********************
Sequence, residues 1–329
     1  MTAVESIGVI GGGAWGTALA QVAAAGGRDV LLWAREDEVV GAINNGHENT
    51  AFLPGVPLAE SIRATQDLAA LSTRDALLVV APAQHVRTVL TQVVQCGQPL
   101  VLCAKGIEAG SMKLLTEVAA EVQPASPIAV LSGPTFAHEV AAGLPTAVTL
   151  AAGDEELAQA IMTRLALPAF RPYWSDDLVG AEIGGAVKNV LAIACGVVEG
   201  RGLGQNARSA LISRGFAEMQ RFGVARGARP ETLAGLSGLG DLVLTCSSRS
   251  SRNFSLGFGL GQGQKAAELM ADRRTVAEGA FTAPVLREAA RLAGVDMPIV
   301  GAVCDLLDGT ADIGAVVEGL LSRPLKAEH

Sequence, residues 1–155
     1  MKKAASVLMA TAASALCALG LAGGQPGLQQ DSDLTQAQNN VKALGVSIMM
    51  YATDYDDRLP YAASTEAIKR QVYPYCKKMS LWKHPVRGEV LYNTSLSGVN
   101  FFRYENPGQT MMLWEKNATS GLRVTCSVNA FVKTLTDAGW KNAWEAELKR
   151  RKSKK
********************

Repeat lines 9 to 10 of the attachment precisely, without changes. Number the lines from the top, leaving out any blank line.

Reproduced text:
Sequence, residues 1–155
     1  MKKAASVLMA TAASALCALG LAGGQPGLQQ DSDLTQAQNN VKALGVSIMM